Beware the slippery slope

Do we get the newspapers we deserve? I ask the question because of the furore in Britain over the Leveson Report, a 2,000-page tome resulting from a year-long inquiry by Lord Justice Leveson into the « culture, practices and ethics » of the British press. The reason for the inquiry was plain enough: Britain’s tabloids have too often overstepped the mark, hounding not just celebrities but also ordinary folk and illegally (at least in the case of the now defunct News of the World) indulging in phone-hacking.

The result of Lord Leveson’s inquiry is a recommendation that the press should submit to an independent regulatory authority underpinned by legislation. Hence the furore: Prime minister David Cameron (who once foolishly said he would accept Leveson’s recommendations unless they were « bonkers ») is against any legislation.

The deputy prime minister, Nick Clegg, who is Mr Cameron’s partner in the Conservative-Liberal Democrat coalition, is in favour, as is Ed Miliband, leader of the opposition Labour Party. Add in the voices of the victims of the tabloid’s excesses and it might seem that Mr Cameron is on a losing wicket.

To continue the cricketing metaphor, Cassandra thinks the prime minister may well be able to play for an honourable draw: there are plenty of his own Conservative MPs who object to the idea of statutory involvement and, unsurprisingly, the press itself – both the tabloids and the « quality » papers – object too. Their argument is that « underpinning by legislation » would be a slippery slope towards political control of the press. […]

But to go back to the initial question…The fact is that the tabloids are the most-read papers in Britain precisely because they are so scurrilous, so intrusive and so aggressive. In other words, their popularity reflects (rather sadly, in my opinion) the culture and tastes of the nation. Should their excesses therefore be curbed? In principle, yes – but who defines « excess »? Personally, I’m with those who fear the « slippery slope » and I would rather the occasional excess than a press neutered into a kind of subservience. […] What really matters, perhaps, is a better definition of what is in the public interest rather than what is of public interest. What should matter, too, are the excesses regularly committed on the internet, especially by avid Tweeters (a subject avoided by Lord Leveson). […] I shall leave the last word on the Leveson inquiry to Boris Johnson, the irrepressible mayor of London: “If you want to keep the gutters of public life clean, you need a gutter press.”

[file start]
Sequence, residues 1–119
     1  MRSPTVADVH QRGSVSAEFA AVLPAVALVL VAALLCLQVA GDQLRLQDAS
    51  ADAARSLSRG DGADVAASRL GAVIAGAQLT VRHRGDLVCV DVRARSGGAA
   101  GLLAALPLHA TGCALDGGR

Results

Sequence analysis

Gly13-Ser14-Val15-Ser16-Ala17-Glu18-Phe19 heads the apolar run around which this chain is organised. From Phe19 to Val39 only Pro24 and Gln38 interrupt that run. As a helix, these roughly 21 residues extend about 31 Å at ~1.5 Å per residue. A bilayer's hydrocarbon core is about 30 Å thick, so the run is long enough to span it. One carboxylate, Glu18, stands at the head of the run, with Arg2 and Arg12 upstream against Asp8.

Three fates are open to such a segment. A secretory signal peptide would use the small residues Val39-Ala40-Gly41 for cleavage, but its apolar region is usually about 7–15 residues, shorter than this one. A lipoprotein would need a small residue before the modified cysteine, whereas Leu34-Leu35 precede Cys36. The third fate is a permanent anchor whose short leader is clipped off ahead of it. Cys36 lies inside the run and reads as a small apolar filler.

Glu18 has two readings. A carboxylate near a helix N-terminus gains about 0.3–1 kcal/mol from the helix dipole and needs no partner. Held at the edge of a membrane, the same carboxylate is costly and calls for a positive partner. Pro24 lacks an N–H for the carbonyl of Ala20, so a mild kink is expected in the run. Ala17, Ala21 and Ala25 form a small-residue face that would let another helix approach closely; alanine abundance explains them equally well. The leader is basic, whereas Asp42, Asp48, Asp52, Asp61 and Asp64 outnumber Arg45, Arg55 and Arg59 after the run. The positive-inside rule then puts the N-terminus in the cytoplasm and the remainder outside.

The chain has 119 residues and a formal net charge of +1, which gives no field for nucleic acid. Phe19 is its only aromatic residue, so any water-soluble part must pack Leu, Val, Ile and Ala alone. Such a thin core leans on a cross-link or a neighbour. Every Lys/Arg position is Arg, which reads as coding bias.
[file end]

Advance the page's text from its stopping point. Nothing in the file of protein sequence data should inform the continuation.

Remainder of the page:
Cassandra, The Economist, Nov 30th 2012

I. VERSION (sur 20 points)

Traduire à partir de “Do we get the newspapers …” jusqu’à “…is against any legislation.”

II. QUESTIONS (sur 40 points)

1. Question de compréhension du texte

According to the journalist, what are the dangers of press regulation?

(150 mots + ou – 10%* ; sur 20 points)

2. Question d’expression personnelle.

Would you say that we get the media that we deserve?

(250 mots + ou – 10% * ; sur 20 points)

* Le non-respect de ces normes sera sanctionné. Indiquer le nombre de mots utilisés.

III. THÈME (sur 20 points)

1. C’est la première fois que les Jeux Olympiques accueillent autant d’athlètes féminines.

2. Elle faisait ce métier depuis des années lorsqu’on lui proposa une augmentation.

3. Il consacra les cinq premiers mois de son mandat à relancer l’économie.

4. Les hommes sont beaucoup plus susceptibles d’accéder à un poste à responsabilité que les femmes.

5. Sais-tu combien de personnes ont participé bénévolement à sa campagne ?

6. On dit que la législation sur les armes à feu risque d’être modifiée.

7. L’ouragan qui a frappé les États-Unis ne prouve-t-il pas que le climat change ?

8. Il faudra qu’un nouvel accord soit signé dans les cinq ans.

9. Les syndicats savaient depuis longtemps que l’entreprise serait rachetée.

10. Tous les matins, elle prenait le train de Londres à sept heures et demie.